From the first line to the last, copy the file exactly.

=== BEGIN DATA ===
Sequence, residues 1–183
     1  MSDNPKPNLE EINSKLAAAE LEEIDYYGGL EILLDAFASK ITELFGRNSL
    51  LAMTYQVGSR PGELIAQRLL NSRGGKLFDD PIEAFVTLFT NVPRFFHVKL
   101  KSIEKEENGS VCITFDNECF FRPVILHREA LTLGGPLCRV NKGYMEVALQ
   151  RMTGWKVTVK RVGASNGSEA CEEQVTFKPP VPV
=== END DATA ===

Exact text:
Sequence, residues 1–183
     1  MSDNPKPNLE EINSKLAAAE LEEIDYYGGL EILLDAFASK ITELFGRNSL
    51  LAMTYQVGSR PGELIAQRLL NSRGGKLFDD PIEAFVTLFT NVPRFFHVKL
   101  KSIEKEENGS VCITFDNECF FRPVILHREA LTLGGPLCRV NKGYMEVALQ
   151  RMTGWKVTVK RVGASNGSEA CEEQVTFKPP VPV